What does $200,000 worth of negative political advertisements buy these days? In Maryland's U.S. Senate race, apparently nothing.
Republican Bill Brock has spent at least that much in the past three weeks portraying Democrat Paul S. Sarbanes as a tax-raiser who is soft on crime. But the results from a new statewide poll show that Mr. Brock has failed to narrow the incumbent's solid lead.
The poll, conducted by Mason-Dixon Political Media Research for The Sun and other news organizations, showed Mr. Sarbanes leading with 57 percent of the vote to Mr. Brock's 32 percent.
Mr. Sarbanes held virtually the same lead in a Mason-Dixon poll late last month, which showed him ahead of Mr. Brock 56 percent to 33 percent. The margin of error in both polls was plus or minus 3.5 percentage points.
With less than three weeks to go before the Nov. 8 election, political analysts saw the new results as continued bad news for the challenger.
"Sarbanes has a comfortable lead," said Herbert C. Smith, a professor of political science at Western Maryland College. "When you're 25 points behind, it's a reach."
The Brock campaign disputed the poll numbers, saying that it had conducted a more recent survey of its own that showed a much closer race. Asked to provide the results, though, campaign director Howard A. Denis declined, saying he was not authorized to do so. "From our standpoint, on our poll, we're exactly where we want to be," he said.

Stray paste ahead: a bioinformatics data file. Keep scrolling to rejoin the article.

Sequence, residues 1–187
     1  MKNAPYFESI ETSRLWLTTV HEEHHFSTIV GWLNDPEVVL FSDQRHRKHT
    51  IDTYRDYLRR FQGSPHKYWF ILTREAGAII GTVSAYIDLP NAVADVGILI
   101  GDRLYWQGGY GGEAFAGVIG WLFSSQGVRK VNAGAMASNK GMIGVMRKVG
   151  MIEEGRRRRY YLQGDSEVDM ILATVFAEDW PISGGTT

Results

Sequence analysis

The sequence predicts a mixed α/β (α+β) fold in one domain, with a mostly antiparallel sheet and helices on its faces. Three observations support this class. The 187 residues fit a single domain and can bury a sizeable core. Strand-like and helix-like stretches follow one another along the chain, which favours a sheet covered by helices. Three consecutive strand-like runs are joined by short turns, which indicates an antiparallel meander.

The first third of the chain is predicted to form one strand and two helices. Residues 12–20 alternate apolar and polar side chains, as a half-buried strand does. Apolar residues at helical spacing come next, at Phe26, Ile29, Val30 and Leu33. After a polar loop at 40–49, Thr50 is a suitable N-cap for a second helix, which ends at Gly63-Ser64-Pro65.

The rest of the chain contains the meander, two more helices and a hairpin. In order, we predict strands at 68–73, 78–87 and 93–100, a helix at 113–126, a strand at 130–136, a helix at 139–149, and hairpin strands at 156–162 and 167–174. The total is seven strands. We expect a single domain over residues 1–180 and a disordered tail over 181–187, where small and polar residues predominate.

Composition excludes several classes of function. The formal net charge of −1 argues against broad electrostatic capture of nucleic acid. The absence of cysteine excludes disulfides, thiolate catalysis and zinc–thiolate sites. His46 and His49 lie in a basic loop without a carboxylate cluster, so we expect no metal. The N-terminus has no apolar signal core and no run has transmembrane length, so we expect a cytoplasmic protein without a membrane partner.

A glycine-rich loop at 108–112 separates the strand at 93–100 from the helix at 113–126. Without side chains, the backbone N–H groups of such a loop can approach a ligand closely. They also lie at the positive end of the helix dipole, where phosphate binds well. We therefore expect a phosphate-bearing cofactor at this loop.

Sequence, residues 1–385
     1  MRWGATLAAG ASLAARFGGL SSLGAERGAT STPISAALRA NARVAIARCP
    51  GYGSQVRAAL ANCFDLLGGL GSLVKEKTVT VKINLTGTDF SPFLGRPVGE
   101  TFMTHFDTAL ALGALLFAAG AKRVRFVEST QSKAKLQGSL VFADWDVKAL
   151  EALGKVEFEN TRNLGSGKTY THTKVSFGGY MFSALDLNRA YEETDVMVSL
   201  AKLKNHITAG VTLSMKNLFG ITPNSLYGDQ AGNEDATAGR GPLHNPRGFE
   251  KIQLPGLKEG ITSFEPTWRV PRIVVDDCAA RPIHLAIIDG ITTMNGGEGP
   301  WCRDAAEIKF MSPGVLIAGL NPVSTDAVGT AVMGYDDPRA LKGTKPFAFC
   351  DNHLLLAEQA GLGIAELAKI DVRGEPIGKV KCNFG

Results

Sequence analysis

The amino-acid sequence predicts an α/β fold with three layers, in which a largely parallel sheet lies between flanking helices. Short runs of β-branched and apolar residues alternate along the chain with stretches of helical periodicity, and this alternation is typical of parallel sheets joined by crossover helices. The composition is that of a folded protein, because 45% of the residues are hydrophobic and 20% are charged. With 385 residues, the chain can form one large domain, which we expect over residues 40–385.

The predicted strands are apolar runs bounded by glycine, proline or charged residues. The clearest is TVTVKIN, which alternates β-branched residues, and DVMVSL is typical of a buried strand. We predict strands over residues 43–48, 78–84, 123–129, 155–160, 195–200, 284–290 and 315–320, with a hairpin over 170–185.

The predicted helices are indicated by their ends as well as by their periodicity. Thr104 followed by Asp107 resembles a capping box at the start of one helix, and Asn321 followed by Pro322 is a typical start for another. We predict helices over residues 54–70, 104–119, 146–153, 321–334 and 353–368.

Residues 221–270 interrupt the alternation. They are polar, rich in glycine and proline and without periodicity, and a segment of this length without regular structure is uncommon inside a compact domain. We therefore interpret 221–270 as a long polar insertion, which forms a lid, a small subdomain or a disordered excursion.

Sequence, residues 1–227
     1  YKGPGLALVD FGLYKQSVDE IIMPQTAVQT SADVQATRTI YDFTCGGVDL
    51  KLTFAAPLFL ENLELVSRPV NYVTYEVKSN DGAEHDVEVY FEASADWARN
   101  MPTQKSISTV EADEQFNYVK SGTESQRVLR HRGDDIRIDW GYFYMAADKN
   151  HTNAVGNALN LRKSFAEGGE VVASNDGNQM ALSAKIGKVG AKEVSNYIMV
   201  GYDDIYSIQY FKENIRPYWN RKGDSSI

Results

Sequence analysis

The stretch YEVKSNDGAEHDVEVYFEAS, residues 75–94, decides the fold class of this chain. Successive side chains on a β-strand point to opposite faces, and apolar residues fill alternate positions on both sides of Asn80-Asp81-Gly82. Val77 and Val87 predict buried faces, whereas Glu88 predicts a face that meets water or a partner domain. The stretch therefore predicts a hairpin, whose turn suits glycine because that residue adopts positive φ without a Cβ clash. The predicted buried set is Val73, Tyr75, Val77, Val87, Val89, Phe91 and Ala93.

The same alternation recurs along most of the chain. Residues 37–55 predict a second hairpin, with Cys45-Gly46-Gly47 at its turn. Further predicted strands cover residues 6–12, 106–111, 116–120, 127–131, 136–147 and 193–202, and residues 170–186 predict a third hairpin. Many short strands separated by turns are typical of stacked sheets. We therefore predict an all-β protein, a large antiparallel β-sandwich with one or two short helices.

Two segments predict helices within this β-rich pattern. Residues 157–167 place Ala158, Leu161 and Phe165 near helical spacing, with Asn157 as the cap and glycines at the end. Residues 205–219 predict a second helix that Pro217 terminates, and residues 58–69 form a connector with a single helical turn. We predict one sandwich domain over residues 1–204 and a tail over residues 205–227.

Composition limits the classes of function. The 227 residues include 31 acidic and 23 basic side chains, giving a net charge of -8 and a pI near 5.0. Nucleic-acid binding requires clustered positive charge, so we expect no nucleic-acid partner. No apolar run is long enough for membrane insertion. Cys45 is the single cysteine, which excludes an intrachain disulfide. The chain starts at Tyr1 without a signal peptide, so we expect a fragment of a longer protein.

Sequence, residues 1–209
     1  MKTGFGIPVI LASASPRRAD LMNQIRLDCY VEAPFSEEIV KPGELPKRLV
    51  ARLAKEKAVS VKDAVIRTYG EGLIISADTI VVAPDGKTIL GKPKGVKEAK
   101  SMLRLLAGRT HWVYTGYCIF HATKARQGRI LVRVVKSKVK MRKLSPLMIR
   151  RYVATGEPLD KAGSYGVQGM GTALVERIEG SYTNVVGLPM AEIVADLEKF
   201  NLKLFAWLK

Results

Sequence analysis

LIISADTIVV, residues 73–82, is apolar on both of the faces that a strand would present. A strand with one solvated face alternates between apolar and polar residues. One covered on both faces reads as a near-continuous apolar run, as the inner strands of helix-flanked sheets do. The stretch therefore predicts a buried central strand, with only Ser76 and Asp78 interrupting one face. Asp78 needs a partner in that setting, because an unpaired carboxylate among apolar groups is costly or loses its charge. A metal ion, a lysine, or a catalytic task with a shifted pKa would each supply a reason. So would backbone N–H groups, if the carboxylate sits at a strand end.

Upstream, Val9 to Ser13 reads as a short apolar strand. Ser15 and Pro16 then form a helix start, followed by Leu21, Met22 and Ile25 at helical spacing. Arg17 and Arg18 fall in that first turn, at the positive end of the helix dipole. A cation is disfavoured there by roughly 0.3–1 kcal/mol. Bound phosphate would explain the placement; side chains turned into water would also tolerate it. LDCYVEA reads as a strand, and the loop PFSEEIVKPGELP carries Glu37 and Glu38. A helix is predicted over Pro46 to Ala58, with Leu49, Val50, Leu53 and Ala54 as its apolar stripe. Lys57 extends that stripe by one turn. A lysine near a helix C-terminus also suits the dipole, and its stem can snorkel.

Mr. Denis also noted that other polls have been wrong this year. He cited the Republican gubernatorial primary in which Del. Ellen R. Sauerbrey appeared to trail U.S. Rep. Helen Delich Bentley by 13 points in the final week and then went on to trounce her by 14 points.
According to this week's poll results, Mr. Sarbanes leads Mr. Brock in all sections of the state except Western Maryland. The poll surveyed 826 regular voters last Thursday through Saturday.
Del Ali, vice president of Mason-Dixon, said Mr. Sarbanes has successfully fended off Mr. Brock by responding to the challenger's negative ads with hard-hitting ones of his own. After Mr. Brock criticized him in a television spot for voting to increase taxes, Mr. Sarbanes fired back with an ad essentially portraying the challenger as a carpetbagger. Mr. Brock, who served as a U.S. senator and representative from Tennessee, says he has lived in Maryland full time only since 1990.
"Nativism is a very strong value in American politics," said Mr. Smith. "The carpetbagger issue, all things being equal, is a devastator."
Mr. Smith added that only two out-of-state candidates in recent memory have overcome carpetbagging charges to win Senate races in the eastern part of the country -- Robert F. Kennedy in New York in 1964 and John D. "Jay" Rockefeller in West Virginia in 1984.
Mr. Ali suggested that the candidates' physical appearance may also be a factor. Although both men are in their early 60s, Mr. Sarbanes appears vibrant, while Mr. Brock looks a decade older, Mr. Ali said.
Mr. Brock "looks like the incumbent," he said. "He looks like the one trying to hold on to his job."